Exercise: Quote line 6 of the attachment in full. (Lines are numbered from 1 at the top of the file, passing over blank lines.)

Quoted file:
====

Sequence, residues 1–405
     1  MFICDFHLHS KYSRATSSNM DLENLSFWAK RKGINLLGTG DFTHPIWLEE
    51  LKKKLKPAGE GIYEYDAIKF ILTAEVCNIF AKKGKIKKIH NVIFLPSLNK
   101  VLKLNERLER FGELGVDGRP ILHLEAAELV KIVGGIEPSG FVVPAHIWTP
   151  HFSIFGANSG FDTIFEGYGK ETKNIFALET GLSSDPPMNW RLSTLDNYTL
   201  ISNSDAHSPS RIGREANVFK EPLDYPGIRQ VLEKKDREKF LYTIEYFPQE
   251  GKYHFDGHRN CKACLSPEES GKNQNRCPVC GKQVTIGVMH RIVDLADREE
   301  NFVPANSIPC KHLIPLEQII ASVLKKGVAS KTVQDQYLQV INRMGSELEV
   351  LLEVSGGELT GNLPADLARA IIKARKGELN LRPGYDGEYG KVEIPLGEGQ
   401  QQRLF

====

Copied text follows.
   201  ISNSDAHSPS RIGREANVFK EPLDYPGIRQ VLEKKDREKF LYTIEYFPQE